TORONTO - The Globe and Mail says it will scrap its Labour Day newspaper this year because of a lack of advertising revenue.
Publisher Phillip Crawley said the cost of production and delivery for the paper, combined with the number of subscribers who are going away on vacation for the weekend, made it a bad business decision to publish.
"Labour Day is always one of the worst revenue days of the year, and just doing the simple math, it cost us way too much to produce the paper," he said in an interview Tuesday, noting that the decision was made after observing long-term revenue patterns for the period.
"This isn't a one-off fluke or that suddenly the industry's collapsing. It's a reality and we've just said this time it really doesn't make much sense."
Crawley made the announcement in an email to Globe subscribers that bluntly outlined the reasons for the decision.
Instead, the Globe says print subscribers can receive unlimited access to the newspaper's content on the Globe website, which put up a metered paywall last October.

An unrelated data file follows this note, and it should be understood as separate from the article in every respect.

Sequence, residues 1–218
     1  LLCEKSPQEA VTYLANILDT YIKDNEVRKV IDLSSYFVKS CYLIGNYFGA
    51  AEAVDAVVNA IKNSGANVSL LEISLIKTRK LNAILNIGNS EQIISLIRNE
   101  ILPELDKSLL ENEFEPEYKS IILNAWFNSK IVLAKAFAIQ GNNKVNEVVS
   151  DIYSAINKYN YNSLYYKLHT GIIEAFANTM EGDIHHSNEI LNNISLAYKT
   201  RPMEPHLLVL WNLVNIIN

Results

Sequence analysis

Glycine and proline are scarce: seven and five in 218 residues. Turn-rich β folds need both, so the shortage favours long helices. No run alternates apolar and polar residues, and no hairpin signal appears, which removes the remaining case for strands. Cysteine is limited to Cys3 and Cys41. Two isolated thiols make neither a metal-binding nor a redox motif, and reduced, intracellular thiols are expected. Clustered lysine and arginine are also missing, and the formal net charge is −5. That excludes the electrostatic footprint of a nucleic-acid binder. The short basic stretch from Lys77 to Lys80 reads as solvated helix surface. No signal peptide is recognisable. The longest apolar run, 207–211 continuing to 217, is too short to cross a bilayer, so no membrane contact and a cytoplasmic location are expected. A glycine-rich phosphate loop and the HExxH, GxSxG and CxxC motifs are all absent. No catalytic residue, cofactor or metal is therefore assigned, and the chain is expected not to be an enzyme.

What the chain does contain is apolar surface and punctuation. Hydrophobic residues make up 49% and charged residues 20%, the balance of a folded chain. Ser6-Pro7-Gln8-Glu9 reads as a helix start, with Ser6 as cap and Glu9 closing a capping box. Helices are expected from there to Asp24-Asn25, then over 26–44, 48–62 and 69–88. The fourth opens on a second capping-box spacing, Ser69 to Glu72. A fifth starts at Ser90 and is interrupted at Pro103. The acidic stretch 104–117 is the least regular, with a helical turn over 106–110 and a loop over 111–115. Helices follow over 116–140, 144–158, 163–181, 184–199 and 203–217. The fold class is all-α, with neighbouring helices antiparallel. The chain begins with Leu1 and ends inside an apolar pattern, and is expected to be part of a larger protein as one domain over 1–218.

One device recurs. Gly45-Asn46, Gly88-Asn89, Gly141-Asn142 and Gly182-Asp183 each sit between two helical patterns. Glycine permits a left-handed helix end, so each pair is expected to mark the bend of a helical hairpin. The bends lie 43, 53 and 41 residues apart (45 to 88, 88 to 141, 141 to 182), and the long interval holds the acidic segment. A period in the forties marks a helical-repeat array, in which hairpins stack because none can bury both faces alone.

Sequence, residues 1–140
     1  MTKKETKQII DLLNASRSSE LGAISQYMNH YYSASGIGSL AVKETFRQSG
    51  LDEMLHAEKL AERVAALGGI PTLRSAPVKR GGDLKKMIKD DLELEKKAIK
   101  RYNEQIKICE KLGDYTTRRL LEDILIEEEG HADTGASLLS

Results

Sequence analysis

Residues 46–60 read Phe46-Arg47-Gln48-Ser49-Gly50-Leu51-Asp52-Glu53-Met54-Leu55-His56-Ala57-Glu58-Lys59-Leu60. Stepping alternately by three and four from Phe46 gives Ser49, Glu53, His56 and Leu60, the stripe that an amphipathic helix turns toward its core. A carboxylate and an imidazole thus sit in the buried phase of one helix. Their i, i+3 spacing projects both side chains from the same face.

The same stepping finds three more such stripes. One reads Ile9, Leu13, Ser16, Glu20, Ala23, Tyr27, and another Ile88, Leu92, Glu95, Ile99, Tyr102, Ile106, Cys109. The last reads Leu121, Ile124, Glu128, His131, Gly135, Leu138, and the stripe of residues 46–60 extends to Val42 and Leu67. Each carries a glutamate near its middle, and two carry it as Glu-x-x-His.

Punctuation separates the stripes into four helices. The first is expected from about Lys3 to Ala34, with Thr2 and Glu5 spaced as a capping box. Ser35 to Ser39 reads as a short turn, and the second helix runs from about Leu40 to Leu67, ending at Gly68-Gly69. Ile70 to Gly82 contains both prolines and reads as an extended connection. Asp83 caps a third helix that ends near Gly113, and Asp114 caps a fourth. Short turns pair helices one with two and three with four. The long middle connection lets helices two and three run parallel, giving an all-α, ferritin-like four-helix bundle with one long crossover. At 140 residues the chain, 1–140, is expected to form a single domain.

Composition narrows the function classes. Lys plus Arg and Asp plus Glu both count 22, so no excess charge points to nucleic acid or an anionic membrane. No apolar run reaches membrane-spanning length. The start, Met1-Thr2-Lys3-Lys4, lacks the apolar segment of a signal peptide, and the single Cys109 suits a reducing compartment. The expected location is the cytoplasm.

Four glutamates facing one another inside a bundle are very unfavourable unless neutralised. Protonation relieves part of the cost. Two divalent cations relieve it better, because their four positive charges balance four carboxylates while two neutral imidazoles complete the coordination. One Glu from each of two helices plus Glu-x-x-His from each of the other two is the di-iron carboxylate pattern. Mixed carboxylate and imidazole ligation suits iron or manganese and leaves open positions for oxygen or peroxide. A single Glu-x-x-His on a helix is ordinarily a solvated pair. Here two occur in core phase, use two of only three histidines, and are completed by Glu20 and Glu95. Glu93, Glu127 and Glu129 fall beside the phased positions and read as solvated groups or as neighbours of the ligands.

The latest from regular columnists will also appear online, as per the usual schedule, Crawley said.
He acknowledged that some readers will be "disappointed" by the decision to forego a Labour Day newspaper, but added that subscribers would receive a credit that would extend the expiry date of their subscription by one day.
The company will also send customers a Labour Day eBook with insights on the news and trends worth watching into the fall season.
Earlier this month, the Globe announced it would no longer deliver its daily newspaper to Newfoundland and Labrador, as well as parts of British Columbia, due to high shipping expenses.
The newspaper's parent company holds an investment in The Canadian Press as part of a joint agreement with Torstar (TSX:TS.B) and the corporate parent of Montreal's La Presse.
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